Statistics Norway is subject to the provisions of the Personal Data Act with regard to responsible processing of personal data. Statistics Norway has a dedicated data protection officer, who is approved by the Norwegian Data Protection Authority. Statistics Norway complies with the Authority’s security requirements for processing sensitive personal data, and the organisation and routines to protect our data are devised in line with these. All Statistics Norway employees must sign a confidentiality agreement, and breaching this agreement is a punishable offence.
Linking and identifying personal data
Statistics Norway organises its own data into different registers. This means that all information relating to a person is not assembled in one place, such as a folder.
Pursuant to the Personal Data Act, statistics are exempt from an individual’s right to access data since the personal data is used exclusively for statistical purposes and processing has no direct bearing on the registered party. This means you do not have any right to know what data is held on you in Statistics Norway.
Statistics are not data on the individual
Statistics Norway publishes statistics on most parts of Norwegian society. In many cases, these statistics are based on information from registers. However, we never disclose information about individual statistical units. Statistics are made up of data on groups of persons/businesses, not on identifiable statistical units.
When Statistics Norway publishes statistics, we ensure that no information about identifiable natural or legal persons (usually economic entities) can be revealed using the statistics. To this end, we can suppress/hide table cells that are based on just a small number of observations, for example fewer than 3. Suppressed values are replaced with a symbol denoting that figures cannot be given: «:».
In frequency tables, we can also round off low frequencies, such as 1 or 2 to 0 or 3. In such cases, tables should be summed up correctly, and there must be as few errors as possible at a higher level. Other cells must then also be suppressed in such a way that it is not possible to calculate the values we do not want to publish.
Magnitude tables are tables where cell values show total numerical quantities (normally monetary sizes or other amounts for economic entities). Here we use the dominance rule to prevent disclosure of contributions from single units. This means that the two largest contributions to a cell total must not exceed a certain percentage of the total in the cell. This percentage must be kept secret in order not to undermine the rule.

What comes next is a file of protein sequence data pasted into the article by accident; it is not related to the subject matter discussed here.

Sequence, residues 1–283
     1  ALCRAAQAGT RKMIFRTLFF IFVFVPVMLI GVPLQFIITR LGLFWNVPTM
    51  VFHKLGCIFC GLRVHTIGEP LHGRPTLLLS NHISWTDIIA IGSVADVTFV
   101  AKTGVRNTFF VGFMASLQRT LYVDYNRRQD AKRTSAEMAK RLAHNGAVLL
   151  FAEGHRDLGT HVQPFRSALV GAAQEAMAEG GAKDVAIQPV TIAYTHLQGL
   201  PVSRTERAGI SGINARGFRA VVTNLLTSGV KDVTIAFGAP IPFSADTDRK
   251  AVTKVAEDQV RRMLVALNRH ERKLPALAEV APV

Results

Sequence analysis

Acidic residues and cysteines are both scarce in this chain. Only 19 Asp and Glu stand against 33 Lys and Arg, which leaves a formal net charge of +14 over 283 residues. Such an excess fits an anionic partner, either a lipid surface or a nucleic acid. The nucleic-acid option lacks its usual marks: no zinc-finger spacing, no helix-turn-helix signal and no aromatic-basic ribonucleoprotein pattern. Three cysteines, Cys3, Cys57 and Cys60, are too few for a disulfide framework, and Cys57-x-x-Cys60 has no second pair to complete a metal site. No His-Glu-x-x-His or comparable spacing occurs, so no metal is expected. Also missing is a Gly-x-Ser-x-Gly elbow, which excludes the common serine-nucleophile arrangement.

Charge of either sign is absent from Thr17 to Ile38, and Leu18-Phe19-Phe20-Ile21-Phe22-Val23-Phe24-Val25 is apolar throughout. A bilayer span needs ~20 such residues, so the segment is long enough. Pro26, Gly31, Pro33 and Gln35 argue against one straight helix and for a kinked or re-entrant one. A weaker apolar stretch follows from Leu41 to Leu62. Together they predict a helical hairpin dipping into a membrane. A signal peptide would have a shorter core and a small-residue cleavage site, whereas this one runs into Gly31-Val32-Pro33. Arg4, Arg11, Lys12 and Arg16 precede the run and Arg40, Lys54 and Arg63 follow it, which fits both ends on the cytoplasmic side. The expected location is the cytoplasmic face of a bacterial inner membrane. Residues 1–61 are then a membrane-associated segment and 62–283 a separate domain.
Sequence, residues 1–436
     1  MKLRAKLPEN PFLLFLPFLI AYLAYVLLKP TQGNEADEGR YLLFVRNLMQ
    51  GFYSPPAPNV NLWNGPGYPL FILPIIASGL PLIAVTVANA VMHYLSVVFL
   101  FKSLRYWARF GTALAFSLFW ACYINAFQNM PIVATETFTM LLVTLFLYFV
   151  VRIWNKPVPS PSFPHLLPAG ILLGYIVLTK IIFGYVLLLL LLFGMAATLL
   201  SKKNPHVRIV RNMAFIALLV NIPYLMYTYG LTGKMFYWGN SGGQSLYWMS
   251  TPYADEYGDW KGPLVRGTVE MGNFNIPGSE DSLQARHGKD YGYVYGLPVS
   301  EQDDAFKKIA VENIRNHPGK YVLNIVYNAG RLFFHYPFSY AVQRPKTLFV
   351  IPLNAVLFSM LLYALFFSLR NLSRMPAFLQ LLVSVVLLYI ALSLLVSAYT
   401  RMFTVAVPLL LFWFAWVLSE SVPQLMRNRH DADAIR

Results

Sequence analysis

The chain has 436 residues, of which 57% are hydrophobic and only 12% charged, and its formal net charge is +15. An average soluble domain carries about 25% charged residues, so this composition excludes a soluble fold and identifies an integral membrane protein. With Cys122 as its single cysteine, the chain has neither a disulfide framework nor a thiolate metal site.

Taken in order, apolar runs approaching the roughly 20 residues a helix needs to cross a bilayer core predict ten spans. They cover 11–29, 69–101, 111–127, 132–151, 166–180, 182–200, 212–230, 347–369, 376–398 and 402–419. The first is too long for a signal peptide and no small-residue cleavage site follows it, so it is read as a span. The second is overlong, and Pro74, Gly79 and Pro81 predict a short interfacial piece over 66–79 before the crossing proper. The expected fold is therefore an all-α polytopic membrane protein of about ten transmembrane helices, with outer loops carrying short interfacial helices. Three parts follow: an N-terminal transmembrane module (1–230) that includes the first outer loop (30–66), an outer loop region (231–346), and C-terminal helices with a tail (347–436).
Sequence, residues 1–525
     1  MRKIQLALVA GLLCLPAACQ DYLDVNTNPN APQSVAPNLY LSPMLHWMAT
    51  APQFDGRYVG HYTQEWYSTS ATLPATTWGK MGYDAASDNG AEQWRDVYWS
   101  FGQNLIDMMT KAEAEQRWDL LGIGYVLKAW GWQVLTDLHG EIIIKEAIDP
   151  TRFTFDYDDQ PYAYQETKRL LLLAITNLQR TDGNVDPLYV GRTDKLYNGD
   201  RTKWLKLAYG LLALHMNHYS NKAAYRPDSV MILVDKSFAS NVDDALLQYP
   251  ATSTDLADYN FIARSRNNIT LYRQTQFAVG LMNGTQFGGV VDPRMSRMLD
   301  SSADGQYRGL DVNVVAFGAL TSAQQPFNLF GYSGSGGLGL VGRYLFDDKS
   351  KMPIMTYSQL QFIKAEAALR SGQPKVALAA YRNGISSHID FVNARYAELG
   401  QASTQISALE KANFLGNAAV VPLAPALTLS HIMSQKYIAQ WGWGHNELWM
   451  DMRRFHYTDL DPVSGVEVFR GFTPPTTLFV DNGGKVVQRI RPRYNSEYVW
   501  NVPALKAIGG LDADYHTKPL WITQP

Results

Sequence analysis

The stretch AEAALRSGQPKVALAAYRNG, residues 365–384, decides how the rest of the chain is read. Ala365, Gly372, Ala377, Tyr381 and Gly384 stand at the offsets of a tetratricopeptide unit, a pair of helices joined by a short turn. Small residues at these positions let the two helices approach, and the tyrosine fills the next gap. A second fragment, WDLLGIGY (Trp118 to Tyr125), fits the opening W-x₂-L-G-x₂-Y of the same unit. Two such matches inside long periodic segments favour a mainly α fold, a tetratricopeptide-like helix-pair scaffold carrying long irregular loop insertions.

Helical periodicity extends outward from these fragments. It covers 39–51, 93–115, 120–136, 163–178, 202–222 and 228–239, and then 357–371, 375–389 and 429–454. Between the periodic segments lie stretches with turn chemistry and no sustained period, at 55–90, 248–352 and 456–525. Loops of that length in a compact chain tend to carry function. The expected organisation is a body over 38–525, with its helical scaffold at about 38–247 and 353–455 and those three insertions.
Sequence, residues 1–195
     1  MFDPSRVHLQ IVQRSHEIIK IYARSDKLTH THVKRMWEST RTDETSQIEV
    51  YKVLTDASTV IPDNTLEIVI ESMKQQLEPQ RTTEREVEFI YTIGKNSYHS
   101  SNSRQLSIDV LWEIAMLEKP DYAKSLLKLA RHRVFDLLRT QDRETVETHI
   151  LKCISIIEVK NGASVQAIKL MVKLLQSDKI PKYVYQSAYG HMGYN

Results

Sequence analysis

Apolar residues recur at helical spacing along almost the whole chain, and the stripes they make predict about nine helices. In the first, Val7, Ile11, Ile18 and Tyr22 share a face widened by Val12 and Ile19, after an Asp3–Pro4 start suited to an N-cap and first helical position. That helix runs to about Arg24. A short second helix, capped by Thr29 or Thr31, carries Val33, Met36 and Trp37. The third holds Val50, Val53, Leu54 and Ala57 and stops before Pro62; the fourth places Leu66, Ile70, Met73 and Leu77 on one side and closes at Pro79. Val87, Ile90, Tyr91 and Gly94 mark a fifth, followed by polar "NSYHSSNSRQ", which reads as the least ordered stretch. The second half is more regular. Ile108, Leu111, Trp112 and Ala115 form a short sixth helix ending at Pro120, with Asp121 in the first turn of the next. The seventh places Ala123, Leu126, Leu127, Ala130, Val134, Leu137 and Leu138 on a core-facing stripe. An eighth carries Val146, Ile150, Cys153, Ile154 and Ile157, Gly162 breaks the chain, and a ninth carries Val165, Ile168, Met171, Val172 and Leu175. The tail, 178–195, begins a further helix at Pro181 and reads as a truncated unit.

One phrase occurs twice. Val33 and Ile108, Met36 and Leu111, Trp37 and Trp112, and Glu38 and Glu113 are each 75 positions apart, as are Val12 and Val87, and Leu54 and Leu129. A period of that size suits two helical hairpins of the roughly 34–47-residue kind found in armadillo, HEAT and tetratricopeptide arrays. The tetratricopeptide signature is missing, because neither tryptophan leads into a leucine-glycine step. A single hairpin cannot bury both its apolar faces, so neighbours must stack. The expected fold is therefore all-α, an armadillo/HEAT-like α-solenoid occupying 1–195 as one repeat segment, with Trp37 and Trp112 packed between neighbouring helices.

In order to properly build the statistics, it may occasionally be necessary to publish statistics that reveal information about individual units. It is an absolute requirement that such disclosure is not harmful to natural persons or will not cause unreasonable harm to legal persons.
We sometimes provide individual data for research and public planning purposes, but this is mainly in the form of de-identified or anonymous data that cannot be traced back to any individual. In exceptional cases, it may be appropriate to supply identifiable individual data for research purposes, but the researcher and Statistics Norway must receive advance approval for this from the Norwegian Data Protection Authority.
Data from questionnaires
Statistics Norway also collects data directly from individuals through questionnaires. Written information is always provided to respondents prior to any such survey, with details of what the survey is about, what other data will be linked to the data collected and what the data will be used for.
Statistics Norway treats all statistics users the same
The data on individuals held in Statistics Norway cannot be accessed by any other national institution. Statistics Norway treats all statistics users the same, irrespective of whether they are a public institution, a business or an individual. Statistics Norway may hold information on individuals but this does not mean that anyone else in the government is privy to the same information.
Statistics aimed at understanding Norwegian society
Statistics Norway’s statistics have played a key role in understanding Norwegian society for more than a hundred years, and have been a much needed guide to those governing society, among others. Data from public registers is needed to produce high quality statistics, such as the population statistics, education statistics and employment statistics. Even the name statistics are dependent on access to the population register.